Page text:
My first stab was connecting the SSD to another Mac running Windows 7 in VMware, via USB. The update utility didn’t see the drive. To follow the updater instructions and connect via a Windows 7 computer via SATA and AHCI enabled, I would have to install Windows 7 via Boot Camp. Installing Boot Camp is generally easy: run the Boot Camp Assistant, let it carve out some disk space for Windows, reboot to the Windows install DVD and install.

Except I had a few obstacles:

  • I had replaced my DVD drive with the SSD.
  • Boot Camp Assistant will only allow a USB drive install of Windows on newer machines that ship without a DVD drive.
  • Boot Camp could not partition my disk because it could not move some files.

To get Windows installed, I had to wipe my spinning disk, clone my SSD back to it, replace the SSD with the DVD drive, boot onto the spinning disk, run Boot Camp to partition the disk, install Windows 7, replace the DVD drive with the SSD, tweak the registry to support AHCI on my SSD, and finally run the Corsair firmware update utility. Which still did not recognize my disk. My next SSD will not be made my Corsair. And it might be wrapped in a new rMBP.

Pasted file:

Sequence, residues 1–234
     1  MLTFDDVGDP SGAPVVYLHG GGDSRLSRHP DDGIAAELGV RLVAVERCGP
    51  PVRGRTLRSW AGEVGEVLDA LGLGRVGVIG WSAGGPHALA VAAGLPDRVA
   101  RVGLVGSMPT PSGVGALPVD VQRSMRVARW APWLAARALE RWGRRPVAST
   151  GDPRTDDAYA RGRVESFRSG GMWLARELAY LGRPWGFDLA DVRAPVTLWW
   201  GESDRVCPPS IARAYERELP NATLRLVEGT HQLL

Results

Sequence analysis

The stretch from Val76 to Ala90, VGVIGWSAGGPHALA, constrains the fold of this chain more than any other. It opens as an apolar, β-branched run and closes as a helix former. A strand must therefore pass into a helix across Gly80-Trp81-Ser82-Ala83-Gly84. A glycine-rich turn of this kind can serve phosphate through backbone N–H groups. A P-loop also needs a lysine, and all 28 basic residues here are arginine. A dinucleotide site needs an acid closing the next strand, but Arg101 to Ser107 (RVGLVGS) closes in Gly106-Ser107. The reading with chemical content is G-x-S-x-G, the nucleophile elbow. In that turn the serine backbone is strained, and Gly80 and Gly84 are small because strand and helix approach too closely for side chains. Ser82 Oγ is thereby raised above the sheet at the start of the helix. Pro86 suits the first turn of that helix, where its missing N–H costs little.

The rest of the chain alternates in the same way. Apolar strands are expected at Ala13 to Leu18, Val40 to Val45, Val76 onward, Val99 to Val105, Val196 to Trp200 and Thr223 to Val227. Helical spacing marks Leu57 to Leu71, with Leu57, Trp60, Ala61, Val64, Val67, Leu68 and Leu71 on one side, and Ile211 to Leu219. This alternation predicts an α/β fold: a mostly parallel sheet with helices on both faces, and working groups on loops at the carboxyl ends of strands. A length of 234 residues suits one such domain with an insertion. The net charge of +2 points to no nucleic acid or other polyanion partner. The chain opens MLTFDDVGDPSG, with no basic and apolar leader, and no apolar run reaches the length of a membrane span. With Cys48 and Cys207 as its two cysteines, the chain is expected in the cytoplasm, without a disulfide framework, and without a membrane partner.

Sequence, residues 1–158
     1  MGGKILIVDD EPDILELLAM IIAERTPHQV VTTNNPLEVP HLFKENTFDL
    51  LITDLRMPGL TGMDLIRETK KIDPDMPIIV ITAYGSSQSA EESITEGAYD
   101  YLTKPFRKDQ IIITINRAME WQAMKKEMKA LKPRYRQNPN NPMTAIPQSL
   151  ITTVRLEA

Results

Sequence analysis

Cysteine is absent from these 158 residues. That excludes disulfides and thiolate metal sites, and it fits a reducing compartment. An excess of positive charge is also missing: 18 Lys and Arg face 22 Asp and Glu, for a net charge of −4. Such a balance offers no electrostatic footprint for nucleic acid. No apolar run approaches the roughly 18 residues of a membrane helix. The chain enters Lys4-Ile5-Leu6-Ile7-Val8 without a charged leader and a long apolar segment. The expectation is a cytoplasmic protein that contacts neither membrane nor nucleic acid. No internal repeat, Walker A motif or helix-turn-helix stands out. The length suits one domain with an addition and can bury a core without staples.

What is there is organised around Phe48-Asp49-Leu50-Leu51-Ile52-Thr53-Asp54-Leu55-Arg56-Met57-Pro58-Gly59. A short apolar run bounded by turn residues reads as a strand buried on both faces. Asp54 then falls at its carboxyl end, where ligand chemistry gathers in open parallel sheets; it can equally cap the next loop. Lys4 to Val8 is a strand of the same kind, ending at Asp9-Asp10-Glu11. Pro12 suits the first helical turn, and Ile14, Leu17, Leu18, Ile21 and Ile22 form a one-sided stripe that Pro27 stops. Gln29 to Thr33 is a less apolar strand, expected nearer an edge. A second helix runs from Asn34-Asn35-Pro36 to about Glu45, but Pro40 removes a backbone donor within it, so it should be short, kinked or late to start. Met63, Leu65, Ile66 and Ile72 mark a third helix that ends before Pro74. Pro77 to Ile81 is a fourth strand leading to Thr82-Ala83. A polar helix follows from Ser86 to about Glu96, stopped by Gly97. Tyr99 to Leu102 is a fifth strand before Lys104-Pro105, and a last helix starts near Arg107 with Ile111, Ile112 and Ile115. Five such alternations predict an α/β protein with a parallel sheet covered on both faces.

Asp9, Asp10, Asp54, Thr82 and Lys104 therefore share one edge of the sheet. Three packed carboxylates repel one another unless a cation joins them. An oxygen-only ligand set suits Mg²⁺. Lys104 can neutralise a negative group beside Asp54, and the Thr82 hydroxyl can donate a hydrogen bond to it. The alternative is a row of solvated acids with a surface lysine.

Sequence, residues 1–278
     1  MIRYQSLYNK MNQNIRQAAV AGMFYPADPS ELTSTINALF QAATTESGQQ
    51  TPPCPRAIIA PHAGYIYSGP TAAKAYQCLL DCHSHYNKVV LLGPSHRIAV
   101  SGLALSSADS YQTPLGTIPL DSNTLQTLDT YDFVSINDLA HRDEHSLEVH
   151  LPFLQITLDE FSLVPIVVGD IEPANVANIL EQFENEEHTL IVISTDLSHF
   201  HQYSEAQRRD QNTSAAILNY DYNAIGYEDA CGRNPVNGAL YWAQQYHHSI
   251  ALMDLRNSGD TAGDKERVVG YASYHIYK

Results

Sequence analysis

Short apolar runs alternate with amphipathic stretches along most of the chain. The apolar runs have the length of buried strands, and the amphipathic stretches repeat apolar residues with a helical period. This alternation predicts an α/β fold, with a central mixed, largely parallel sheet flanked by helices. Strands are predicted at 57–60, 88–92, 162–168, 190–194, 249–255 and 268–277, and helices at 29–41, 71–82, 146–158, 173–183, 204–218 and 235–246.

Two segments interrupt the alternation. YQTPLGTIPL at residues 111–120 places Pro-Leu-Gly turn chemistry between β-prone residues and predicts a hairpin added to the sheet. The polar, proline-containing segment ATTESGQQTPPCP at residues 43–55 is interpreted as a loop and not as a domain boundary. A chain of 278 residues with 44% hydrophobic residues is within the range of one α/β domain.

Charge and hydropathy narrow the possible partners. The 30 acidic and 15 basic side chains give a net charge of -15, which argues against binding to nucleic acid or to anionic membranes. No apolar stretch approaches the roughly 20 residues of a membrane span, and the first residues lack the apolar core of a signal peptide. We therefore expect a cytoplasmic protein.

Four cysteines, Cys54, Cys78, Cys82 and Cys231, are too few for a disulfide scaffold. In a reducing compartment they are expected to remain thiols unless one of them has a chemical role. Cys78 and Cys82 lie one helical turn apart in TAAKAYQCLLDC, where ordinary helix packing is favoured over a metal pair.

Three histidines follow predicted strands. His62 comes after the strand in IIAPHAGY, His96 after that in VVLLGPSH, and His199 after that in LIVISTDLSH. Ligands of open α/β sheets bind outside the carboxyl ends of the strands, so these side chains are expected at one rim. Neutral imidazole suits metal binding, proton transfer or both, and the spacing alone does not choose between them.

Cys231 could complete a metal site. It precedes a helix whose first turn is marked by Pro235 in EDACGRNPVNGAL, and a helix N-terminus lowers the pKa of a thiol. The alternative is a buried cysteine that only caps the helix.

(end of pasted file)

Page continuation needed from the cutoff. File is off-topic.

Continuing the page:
monitoring exim with nagios

I was setting up monitoring of mail queues with the nagios plugin check_mailq and found it didn’t work on cPanel servers. Google led me to a few shell scripts that used sudo to run exim -bpc. I didn’t like that option so I dove into check_mailq, expecting to make a few changes to the code. Instead, I discovered that for exim, the check_mailq plugin expects to parse the input of a queue listing. From there, the solution was straight forward.

Edit nagios/utils.pm and set $PATH_TO_MAILQ = “/usr/sbin/exiqgrep”;

Add the nagios user to the mailnull group in /etc/group.

Add this to nrpe.cfg: